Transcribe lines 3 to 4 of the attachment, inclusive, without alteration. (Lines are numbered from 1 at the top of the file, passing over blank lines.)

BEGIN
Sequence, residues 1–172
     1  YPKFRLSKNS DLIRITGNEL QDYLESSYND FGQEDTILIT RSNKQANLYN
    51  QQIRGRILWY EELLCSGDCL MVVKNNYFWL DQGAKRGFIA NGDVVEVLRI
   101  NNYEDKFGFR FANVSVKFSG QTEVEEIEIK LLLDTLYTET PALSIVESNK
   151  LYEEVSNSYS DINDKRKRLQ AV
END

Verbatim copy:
    51  QQIRGRILWY EELLCSGDCL MVVKNNYFWL DQGAKRGFIA NGDVVEVLRI
   101  NNYEDKFGFR FANVSVKFSG QTEVEEIEIK LLLDTLYTET PALSIVESNK